sburns

Well-known member
Mirrorless cameras are more compact because they've eliminated some of the mechanical stuff inside the camera. They range from the point and shoot camera to full frame sensor cameras. There's a few general types:
Ya see the one main things I don't like about mirrorless is not having the mirror to look down the lens. I just find the electronic view finder not as good to see what you are shooting. 🤷‍♂️ I am sure it will get there.
 

GreyGhost

Well-known member
Site Supporter
Ya see the one main things I don't like about mirrorless is not having the mirror to look down the lens. I just find the electronic view finder not as good to see what you are shooting. 🤷‍♂️ I am sure it will get there.
If you want to be amazed, look through the viewfinder on an old film camera with a split prism. It is shockingly easy to manual focus (because it had to be. There was no AF). Manual focusing a modern SLR manually is donkey balls and I rarely do it.
 
Last edited:

MaksTO

Well-known member
Sony A7ii was on a great discount recently. Something like $700 off.. Switched from M4/3 to that. Very happy with it!

Might be overkill for hobby stuff though (I sort of shoot professionally?). I did pro work on Olympus EM-10mkii for years, great format, especially if you don't plan on doing gigantic prints - it's just kind of dying now that FF mirrorless is getting more and more accessible it seems.

That being said, great lenses can be had for CHEAP in M4/3 world. 45mm F1.8 Oly was one of the best lenses I've ever used. Sony is much more expensive on the lens front ugh...
 

Trials

Well-known member
Fella that spends a fortune on fancy cameras told me just last week he's going to replace most of his camera use with his new iPhone, apparently the iPhone takes incredible pictures. 100% for travel use because then he won't be lugging around all the camera equipment and can conceal the phone easy. :cool:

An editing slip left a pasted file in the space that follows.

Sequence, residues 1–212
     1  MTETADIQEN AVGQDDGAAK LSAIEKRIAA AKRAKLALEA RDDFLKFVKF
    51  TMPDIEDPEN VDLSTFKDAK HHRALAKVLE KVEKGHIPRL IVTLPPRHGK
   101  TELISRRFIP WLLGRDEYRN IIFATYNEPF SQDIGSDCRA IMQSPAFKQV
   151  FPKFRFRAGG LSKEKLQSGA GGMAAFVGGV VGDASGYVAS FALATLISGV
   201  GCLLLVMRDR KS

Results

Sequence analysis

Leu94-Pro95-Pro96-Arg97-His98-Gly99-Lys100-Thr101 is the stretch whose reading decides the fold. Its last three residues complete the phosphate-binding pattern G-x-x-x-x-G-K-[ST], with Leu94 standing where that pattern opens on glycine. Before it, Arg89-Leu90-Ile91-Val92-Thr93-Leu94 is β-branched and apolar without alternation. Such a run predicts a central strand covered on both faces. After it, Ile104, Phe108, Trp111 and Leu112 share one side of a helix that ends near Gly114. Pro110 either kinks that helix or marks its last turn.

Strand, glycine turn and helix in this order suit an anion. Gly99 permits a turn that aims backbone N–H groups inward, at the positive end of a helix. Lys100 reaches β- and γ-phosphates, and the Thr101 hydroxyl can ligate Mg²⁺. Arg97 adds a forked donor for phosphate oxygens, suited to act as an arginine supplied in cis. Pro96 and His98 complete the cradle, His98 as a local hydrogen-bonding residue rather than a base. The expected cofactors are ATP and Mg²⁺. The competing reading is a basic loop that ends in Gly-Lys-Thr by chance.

GreyGhost

Well-known member
Site Supporter
Fella that spends a fortune on fancy cameras told me just last week he's going to replace most of his camera use with his new iPhone, apparently the iPhone takes incredible pictures. 100% for travel use because then he won't be lugging around all the camera equipment and can conceal the phone easy. :cool:
In good light, if you are happy with the field of view of a phone camera, it is really hard to beat them. As the light gets worse or you start trying to shoot narrower/wider or you want to properly control depth of field, the big stuff rockets ahead. I really really like shooting full frame with a 50 1.2 or APS-C with 70-200 2.8 but each of those are over 4 lbs. They will blow the iphone out of the water, but you are at over 10lbs and a whole pannier of space instead of 1/2 lb in your pocket.
 

GreyGhost

Well-known member
Site Supporter
@jeff96 - Appreciate the feedback, that makes things a whole lot easier.